Carrier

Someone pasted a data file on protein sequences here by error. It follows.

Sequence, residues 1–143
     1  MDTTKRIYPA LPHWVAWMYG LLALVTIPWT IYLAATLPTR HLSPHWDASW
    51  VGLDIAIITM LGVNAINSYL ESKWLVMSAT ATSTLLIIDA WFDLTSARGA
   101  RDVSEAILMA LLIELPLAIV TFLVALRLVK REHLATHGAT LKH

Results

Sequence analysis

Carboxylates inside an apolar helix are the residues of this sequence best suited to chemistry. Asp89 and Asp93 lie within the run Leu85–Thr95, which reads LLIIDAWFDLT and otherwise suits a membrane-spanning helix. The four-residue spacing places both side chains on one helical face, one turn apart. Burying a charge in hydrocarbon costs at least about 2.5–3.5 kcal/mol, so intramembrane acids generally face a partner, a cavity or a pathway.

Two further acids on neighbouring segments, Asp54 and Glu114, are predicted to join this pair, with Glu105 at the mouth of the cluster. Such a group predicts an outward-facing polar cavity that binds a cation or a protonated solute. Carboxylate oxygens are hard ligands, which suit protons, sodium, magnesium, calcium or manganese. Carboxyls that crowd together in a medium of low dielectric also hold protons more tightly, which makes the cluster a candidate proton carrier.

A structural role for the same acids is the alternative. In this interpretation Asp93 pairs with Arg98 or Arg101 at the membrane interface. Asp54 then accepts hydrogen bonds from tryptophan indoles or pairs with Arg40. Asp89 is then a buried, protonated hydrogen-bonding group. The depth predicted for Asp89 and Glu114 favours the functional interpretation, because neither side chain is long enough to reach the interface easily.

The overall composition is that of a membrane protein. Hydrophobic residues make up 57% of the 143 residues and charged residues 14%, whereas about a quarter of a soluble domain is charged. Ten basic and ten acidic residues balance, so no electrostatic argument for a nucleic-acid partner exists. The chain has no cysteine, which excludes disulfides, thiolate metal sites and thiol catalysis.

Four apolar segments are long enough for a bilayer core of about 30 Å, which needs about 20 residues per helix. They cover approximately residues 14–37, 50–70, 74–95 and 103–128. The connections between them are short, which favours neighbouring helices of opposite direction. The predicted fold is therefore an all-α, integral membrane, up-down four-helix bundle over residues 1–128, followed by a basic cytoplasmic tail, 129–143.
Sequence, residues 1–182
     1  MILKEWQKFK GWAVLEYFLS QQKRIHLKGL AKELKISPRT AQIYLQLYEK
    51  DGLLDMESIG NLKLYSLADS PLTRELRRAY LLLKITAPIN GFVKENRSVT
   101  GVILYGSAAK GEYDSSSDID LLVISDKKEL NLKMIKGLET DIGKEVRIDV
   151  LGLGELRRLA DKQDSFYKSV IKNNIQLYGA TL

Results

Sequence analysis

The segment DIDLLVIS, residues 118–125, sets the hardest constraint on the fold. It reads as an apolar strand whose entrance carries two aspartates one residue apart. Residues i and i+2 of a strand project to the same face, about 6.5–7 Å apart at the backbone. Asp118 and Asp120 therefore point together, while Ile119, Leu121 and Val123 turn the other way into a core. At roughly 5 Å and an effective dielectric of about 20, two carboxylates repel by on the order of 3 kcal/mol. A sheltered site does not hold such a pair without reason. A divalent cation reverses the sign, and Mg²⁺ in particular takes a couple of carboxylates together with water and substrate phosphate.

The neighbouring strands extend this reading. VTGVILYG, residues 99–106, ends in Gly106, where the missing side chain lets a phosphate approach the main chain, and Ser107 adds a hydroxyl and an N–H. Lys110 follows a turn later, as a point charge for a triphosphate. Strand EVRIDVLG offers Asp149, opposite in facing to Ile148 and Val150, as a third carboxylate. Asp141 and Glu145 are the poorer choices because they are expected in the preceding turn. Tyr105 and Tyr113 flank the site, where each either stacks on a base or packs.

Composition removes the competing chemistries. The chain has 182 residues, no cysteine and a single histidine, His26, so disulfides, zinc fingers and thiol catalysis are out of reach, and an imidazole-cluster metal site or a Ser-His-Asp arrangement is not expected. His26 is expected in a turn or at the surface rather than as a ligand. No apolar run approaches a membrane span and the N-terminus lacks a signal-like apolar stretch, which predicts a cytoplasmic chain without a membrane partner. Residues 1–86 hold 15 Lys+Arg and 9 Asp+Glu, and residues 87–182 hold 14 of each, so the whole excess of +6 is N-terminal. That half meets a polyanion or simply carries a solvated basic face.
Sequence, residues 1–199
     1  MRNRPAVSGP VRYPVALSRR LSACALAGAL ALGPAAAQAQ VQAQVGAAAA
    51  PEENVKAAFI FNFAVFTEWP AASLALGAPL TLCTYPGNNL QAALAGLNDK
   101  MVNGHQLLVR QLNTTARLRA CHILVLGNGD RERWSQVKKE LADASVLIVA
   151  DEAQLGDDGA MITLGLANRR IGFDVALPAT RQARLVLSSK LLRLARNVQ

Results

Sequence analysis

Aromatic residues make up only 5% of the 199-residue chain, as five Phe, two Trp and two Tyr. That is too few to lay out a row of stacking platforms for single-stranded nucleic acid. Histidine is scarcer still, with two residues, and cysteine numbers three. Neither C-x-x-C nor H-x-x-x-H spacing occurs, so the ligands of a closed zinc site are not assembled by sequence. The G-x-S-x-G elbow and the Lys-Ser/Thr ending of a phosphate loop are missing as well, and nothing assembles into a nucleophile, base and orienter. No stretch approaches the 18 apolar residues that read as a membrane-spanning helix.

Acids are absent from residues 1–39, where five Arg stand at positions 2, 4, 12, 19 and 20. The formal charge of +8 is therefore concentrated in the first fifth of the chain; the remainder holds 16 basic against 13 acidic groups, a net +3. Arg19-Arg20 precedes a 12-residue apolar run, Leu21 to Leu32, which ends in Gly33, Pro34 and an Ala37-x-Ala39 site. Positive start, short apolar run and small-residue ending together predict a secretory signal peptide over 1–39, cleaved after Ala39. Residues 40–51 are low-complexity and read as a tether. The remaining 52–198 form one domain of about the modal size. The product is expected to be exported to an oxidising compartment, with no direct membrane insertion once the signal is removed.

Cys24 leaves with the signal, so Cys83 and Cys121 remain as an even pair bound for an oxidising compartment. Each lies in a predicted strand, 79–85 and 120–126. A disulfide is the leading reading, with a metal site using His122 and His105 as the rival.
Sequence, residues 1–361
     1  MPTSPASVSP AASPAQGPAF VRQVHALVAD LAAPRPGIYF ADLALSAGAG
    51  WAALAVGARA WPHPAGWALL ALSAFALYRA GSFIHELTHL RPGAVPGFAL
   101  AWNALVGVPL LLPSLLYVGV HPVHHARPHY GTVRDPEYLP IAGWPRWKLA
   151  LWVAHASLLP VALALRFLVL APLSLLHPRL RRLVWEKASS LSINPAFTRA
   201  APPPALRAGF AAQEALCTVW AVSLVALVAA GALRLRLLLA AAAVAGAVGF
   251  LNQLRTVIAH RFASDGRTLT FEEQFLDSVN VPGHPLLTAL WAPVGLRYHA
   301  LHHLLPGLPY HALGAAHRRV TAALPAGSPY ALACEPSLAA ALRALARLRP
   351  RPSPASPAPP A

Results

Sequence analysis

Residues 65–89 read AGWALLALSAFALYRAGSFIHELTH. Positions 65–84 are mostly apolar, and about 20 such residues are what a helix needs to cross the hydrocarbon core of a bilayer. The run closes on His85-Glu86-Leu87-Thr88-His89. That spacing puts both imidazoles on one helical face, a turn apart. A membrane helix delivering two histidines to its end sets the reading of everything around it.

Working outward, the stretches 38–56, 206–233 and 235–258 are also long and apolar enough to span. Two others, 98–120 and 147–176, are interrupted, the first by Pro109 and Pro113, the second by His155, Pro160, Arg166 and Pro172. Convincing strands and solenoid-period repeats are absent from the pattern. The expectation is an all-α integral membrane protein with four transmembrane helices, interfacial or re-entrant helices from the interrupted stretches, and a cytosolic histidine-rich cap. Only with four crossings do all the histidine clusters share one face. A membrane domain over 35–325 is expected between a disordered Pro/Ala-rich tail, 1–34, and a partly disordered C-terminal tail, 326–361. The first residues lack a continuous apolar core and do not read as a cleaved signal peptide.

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Hitherto unknown to me, The Dodos have been steadily amassing a sizeable catalogue of work since forming in 2005 - Carrier recently released on the Polyvinyl Record Co. label, being their 5th full album release. The band is primarily the preserve of San Franciscans Meric Long and Logan Kroeber – singer/guitarist and drummer/percussionist respectively, though for live work they often add a third member to the mix with multi-instrumental responsibilities. On top of this, the band are known for their alternative approaches to the traditional uses of their chosen charges - Kroeber being known for lacking a bass drum and taping a tambourine to his foot, and Long for his use of instruments built by the experimental luthier Yuri Landman. The unexpected passing of touring member Chris Reimer (also formerly guitarist with the Canadian Art Rock band Woman) in 2012 is cited by Long as having had a profound effect on his song-writing: “Chris was a huge influence on the way I think about guitar, song-writing, and music in general. Seeing how he could transform and shape sound with an electric guitar inspired me to explore more tones and use those tones to begin writing a song.” For the first time he sat down with only an electric guitar and, with the principle of patiently allowing a song to develop and a new judgement-free enthusiasm for tone and sound (both inherited from Reimer), he set about putting together an album that would almost re-determine where the band were going musically. Certainly, he seems to have been rewarded or vindicated in that decision, because Carrier is a fine recording. The strength of the collection is that perhaps in moving away from their usual working practices they’ve found something new without sounding like they’re really searching for something new – anti-experimental in a fashion, conservative, whatever. More to the point, if it’s a taken a reassessment of Long’s song-writing to produce something as wonderful as lead single “Confidence” then it’s certainly been worth any introspection. If I were to be critical, I’d say that maybe the first half of the record is stronger than the second, or maybe that it’s a more interesting and entertaining beginning than the ending offers – it’s an album with return-listenings and legs in it though, so this opinion could happily change.

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